A healthy puppy should be clear-eyed, somewhat roly-poly, loose-skinned, free from any skin trouble, hungry for its meals, and lively. It should not be timid or shy.
If the puppy seems warm or sleepy most of the time, ask one of your parents to take its temperature. A dog’s temperature normally is between 38 and 39 degrees Celsius. If its temperature rises above 39 degrees, call your veterinarian.
When you buy your puppy, ask what shots it has received and when it got them. If it has not received shots to prevent distemper, infectious hepatitis, leptospirosis, and rabies. take it immediately to a veterinarian to have them. Then get yearly boosters.You should also find out whether your puppy has been wormed. Most puppies have worms at some time.
For the first few days, you should feed your puppy the same diet as the owners did. If you wish to change the diet, do so gradually. Each day, feed a little of the new food mixed with the old.
Puppies 6 to 10 weeks old maybe fed 4 times a day. From 10 weeks to 6 months, 3 times a day should be enough. After 6 months, twice daily will serve. And after 1 year, once a day—plus a biscuit for breakfast—is ample.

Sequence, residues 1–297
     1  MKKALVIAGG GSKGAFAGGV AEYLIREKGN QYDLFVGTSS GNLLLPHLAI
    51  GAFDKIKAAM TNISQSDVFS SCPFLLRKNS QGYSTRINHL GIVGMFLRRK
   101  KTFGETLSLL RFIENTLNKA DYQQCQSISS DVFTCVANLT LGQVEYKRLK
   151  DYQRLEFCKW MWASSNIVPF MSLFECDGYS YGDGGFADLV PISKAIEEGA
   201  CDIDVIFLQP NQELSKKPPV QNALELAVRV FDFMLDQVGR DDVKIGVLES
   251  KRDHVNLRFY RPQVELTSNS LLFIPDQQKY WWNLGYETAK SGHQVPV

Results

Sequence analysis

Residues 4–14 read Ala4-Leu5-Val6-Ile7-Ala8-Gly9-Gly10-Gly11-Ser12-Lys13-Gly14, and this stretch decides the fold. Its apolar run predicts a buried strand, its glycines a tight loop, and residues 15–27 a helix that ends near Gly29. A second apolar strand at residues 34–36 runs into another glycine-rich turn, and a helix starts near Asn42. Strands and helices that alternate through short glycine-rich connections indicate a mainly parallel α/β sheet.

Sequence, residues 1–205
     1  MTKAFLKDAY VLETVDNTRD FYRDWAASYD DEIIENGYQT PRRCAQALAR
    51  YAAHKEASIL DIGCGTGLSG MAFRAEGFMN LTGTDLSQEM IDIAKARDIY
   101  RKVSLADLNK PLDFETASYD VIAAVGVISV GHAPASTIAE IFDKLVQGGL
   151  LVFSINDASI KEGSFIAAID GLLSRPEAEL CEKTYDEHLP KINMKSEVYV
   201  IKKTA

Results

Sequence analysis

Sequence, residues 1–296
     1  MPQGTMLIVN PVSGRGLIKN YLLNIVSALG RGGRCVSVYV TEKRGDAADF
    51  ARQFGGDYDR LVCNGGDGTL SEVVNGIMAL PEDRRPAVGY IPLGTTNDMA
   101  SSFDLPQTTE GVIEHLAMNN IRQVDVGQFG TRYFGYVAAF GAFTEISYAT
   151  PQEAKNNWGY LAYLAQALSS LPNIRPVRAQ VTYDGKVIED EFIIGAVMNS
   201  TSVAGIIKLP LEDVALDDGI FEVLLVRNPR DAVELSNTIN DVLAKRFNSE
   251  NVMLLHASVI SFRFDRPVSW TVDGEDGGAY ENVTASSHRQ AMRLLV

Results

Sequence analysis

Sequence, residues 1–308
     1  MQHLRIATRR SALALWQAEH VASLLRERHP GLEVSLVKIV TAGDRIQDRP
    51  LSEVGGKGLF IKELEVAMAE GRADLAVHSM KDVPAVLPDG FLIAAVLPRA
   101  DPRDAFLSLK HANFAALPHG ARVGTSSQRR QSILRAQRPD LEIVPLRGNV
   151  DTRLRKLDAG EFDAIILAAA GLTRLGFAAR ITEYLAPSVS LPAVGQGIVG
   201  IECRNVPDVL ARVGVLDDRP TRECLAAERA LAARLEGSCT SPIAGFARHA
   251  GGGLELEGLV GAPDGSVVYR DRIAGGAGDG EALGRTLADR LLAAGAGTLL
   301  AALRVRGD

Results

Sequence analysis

Meat should be the main part of your dog’s diet. Fresh, canned, or frozen beef or horsemeat are good choices. It is not necessary to cook the meat, but it should be served at room temperature. With the meat, mix a dog meal or kibbled biscuit soaked in hot water, soup, or milk. You can get the meal or biscuit in the supermarket, feed store, or pet shop. Puppies need vitamins and minerals, and your veterinarian can give you vitamin tablets that your dog will enjoy chewing.
Other foods you may safely give your dog are well-cooked chicken, lamb, beef hearts, liver, and leafy vegetables. Hard biscuits of the right size for the dog’s mouth and dog candy will be appreciated too. A little cooked rice or dry toast may help the dog in illness or when it is recovering.
A puppy loses its baby teeth when it is between 4 and 5 months. It will be grateful for beef hide or rawhide strips to chew. You can buy them at supermarkets and pet shops. These strips are also very helpful in keeping the puppy from chewing your shoes and the furniture. Pet shops and markets also carry special hard marrow bones that help in teething and in keeping the new teeth clean and healthy.
Leave a bowl of water so that your dog can have a drink at any time—but remove the supply of water at 5 or 6 PM when you’re housebreaking a puppy. This will help the puppy go through the night without mistake.